South African rhinos survive poaching attempt
Two rhinos are in a critical condition after they were dehorned in an attack in South Africa as poaching moves southwards in the country, a game reserve spokesman said Monday.
"Both the rhinos' horns, the long and short horns, were hacked off with a machete," said Pieter de Jager, spokesman for the Fairy Glen Private Game Reserve in Worcester, near Cape Town.
A bull and pregnant cow were darted with M99, a morphine, and dehorned early Sunday morning. Two darts were found in the cow's left side and have been sent for forensic tests.
"The horns were hacked out so deeply that the rhino's airwaves were damaged," De Jager told AFP.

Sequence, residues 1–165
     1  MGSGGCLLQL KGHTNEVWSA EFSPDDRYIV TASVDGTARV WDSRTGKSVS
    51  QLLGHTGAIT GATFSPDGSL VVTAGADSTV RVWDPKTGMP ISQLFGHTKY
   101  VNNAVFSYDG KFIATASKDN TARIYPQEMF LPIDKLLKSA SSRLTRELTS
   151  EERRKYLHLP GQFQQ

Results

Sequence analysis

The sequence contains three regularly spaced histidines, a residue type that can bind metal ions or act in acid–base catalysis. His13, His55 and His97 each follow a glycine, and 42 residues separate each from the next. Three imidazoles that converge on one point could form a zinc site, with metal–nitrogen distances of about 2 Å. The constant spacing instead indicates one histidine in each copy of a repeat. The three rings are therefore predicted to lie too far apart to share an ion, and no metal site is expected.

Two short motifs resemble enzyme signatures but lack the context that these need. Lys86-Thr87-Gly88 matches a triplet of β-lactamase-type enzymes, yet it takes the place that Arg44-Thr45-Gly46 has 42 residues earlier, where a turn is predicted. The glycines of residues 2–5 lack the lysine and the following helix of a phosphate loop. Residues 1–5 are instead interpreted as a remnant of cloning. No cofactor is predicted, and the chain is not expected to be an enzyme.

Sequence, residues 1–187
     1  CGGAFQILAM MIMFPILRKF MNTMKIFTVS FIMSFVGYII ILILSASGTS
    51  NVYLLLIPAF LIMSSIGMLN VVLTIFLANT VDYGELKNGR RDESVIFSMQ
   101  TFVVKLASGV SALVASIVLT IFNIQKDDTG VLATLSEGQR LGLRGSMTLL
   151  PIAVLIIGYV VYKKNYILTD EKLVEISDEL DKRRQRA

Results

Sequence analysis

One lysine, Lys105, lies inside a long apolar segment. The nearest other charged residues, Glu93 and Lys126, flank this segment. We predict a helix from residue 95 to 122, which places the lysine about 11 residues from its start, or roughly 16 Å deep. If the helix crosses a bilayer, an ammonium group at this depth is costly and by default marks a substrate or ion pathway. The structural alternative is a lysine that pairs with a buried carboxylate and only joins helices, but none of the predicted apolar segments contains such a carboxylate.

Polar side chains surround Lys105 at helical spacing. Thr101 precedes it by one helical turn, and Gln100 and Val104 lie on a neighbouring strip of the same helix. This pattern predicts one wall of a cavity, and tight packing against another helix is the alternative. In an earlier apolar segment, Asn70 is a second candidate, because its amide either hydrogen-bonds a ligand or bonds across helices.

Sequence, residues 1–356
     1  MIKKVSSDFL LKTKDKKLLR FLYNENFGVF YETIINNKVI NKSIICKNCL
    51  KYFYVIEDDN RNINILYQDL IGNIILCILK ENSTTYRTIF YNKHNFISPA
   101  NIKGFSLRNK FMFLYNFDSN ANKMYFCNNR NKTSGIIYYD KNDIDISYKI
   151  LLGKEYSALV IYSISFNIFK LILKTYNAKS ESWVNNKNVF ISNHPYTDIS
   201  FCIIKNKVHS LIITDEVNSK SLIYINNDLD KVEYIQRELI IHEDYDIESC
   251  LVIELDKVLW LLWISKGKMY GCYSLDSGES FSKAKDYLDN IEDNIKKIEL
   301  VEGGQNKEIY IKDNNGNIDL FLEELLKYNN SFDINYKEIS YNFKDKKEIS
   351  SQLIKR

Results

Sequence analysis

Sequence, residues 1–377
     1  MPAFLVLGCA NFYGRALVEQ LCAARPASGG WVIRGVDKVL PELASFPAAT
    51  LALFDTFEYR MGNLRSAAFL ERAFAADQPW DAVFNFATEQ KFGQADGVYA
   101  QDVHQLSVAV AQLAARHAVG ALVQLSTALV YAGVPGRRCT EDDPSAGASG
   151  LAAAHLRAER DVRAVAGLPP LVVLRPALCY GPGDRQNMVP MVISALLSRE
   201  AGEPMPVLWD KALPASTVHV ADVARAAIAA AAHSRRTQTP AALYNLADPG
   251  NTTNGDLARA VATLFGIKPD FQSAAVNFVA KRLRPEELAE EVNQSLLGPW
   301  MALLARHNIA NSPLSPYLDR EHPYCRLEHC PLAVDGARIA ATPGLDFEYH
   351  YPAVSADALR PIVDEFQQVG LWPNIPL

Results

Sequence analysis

The foetus might abort as its mother battled the drug overdose.
Poachers have killed a record 405 rhinoceros in South Africa since the start of the year, South Africa's national park board said last week.
Rhino killings have spiked from 13 in 2007 as poachers hunt for rhino horn, made of the same substance as human fingernails.
It is popular for use in Asian medicinal treatments -- especially in China and Vietnam, where it is believed to cure cancer despite scientific evidence to the contrary.
South Africa's army has been called in to police the Kruger National Park in the north, but authorities have struggled to stop poaching syndicates that use helicopters, night vision equipment and high-powered rifles to hunt their prey.
It now seems poaching has reached the country's south.
"It has very recently started moving down to the Western Cape province," said De Jager.
The province had just over 30 rhinos. More than 80% of Africa's rhino population are found in South Africa.
© 2011 AFP